Tuesday, March 25, 2008

Foxes, hedgehogs

As a constitutional recluse, I have a great deal of internal grumbling at this time of year, when academic events take me out of the house to what I regard as an excessive degree. But this evening's speaker was excellent.

A delightful string of words was uttered in the course of his career retrospection (gracious contextualizing occurred in the talk format, but I will offer links as the blog equivalent): "I'm a sad hedgehog and a happy lumper."


1. I am a resigned splitter and a happy fox!

2. Despite the gist of the second Wikipedia article, the two definitional systems are not congruent.

3. I agree with this evening's speaker (the point was implicit rather than articulated) that lumper-fox is the most desirable intellectual configuration.

4. Splitter-hedgehog is potentially tiresome, or at any rate less intellectually stimulating than the other configurations--but a great deal of valuable scholarship is done by splitter-hedgehogs.

5. Fox-hedgehog is the more democratic of the two axes, since it can apply to various measures of personality; lumper-splitter is only applicable to those with a fairly developed intellectual practice of accounting for large-scale phenomena of one kind or another (historical, cultural, economic, biological, etc.).

(This is all pursuant to recent conversations about Gygaxian aspects of Myers-Briggs-type personality instruments. I am imagining a Pynchonesque secret history in which aspects of the D&D "alignment" system turn out to have been inflected or influenced by top-secret early-1960s LSD research by the US Department of Defense!)


  1. Post seems incomplete without self-diagnostic internet quizes!

    Alternative characterization is scanner versus diver (surveying versus drilling down).

    Your point 4 re: potential tiresomeness is clearly _from the perspective of a non-(splitter-hedgehog)_!

    Not sure about "most desirable intellectual configuration". Is the marginal productivity of that type greatest - is the world crying out for more of that one type over the rest? Or is the average productivity of that type higher than all others? Or of those who are engaged in intellectual pursuits are those who are of that type the happiest?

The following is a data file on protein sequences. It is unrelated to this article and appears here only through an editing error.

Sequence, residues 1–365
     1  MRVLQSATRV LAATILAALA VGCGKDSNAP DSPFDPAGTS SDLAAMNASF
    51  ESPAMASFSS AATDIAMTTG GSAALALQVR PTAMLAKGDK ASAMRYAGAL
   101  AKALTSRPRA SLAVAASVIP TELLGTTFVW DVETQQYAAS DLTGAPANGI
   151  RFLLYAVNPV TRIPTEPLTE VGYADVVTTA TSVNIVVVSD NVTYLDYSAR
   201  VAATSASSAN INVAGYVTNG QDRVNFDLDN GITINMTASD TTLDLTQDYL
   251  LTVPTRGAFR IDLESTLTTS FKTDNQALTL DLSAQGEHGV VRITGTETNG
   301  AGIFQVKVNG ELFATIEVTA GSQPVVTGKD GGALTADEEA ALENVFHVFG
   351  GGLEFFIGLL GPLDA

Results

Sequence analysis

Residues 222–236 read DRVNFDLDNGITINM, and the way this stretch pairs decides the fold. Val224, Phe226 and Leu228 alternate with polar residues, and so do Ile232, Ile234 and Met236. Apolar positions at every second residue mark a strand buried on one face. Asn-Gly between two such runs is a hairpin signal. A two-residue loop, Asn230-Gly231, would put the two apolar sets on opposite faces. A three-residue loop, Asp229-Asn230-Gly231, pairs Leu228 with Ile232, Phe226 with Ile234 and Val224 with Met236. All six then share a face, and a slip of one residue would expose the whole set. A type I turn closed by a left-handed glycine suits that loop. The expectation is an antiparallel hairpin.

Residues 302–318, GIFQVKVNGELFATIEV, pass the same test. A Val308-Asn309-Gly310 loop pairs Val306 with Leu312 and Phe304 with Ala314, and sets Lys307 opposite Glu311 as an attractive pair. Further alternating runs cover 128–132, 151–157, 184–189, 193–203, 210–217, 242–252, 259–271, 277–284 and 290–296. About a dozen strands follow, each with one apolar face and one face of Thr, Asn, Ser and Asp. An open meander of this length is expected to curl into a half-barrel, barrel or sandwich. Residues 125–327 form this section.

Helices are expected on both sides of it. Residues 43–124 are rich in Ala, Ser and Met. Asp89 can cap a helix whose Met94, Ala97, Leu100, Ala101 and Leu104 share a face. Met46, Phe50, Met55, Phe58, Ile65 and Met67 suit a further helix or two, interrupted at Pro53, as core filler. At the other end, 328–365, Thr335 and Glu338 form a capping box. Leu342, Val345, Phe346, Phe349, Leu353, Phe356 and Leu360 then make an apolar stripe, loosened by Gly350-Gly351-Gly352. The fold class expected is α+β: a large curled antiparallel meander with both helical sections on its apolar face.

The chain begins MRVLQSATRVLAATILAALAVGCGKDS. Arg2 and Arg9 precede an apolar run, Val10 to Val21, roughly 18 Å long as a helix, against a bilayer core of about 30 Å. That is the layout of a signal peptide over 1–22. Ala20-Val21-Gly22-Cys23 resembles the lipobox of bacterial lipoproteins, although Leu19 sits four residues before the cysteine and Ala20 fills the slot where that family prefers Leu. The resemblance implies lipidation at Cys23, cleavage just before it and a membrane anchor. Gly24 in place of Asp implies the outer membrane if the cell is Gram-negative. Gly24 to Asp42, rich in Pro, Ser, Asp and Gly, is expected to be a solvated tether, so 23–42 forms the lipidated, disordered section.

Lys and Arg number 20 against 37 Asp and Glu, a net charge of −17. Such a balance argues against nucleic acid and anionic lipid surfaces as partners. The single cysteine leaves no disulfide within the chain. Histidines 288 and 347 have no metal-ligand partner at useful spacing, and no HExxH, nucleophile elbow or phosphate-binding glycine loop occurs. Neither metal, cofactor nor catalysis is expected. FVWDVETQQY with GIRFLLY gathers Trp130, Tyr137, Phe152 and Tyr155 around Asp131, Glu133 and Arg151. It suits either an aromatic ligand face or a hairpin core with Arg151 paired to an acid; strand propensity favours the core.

Perhaps the secret history should be more about the creation of compelling frameworks that avoid the very idea of something the conspiricists do not want considered.

  2. Yes, and the real question is whether I have made a legitimate self-diagnosis or whether perhaps these are areas in which it is actually quite difficult to know oneself! It is possible for instance that a reviewer of my academic book manuscript might reasonably and irritably think that I am too much of a lumper, or that someone who sees I keep on writing books about heredity and breeding might deem me a hedgehog...

    Slightly tongue-in-cheek on potential tiresomeness--all of these come in good and bad flavors. A stoned teenage Marxist lumper-fox is potentially far more tiresome to converse with than a lively elderly expert on trilobites! It is partly a question of whether one is thinking of temperamental or intellectual qualities--playfulness is more urgently needed by splitters than lumpers, I think...

    Diving/scanning: but surely those are more explicitly complementary activities, highlighting need for multiple strategies in intellectual investigation? Certainly harder for me to choose a self-identification out of those two than the other pairs...

    Re: secret history; you mean a sort of purloined letter strategy? A gap hidden in plain view/excluded from maps? Mind control?!? One of these days I really am going to read that book on the 20th-century history of brainwashing...

  3. I am ridiculously wordy in comments today - but forgot to say previously that of course the lumper-fox configuration is only most desirable in the sense that it is most enjoyable for the lumper-fox and possibly also by extension for those who read/contemplate his/her insights! I take no position on social utility...

  4. ObSF re: secret history - _In the Country of the Blind_, Michael Flynn. Put the book down at the half-way point, though, and just walk away.

  5. Unrelated to this post -- but how may I contact you with details of three literary events we here at The Georgia Review are sponsoring in NYC in late April and early May? Pulitzer Prize winners and more...three separate events. We'll be in the city for the National Magazine Awards -- The Georgia Review is a finalist for General Excellence -- and planned these events around that one. Write me directly at ingle.david@gmail.com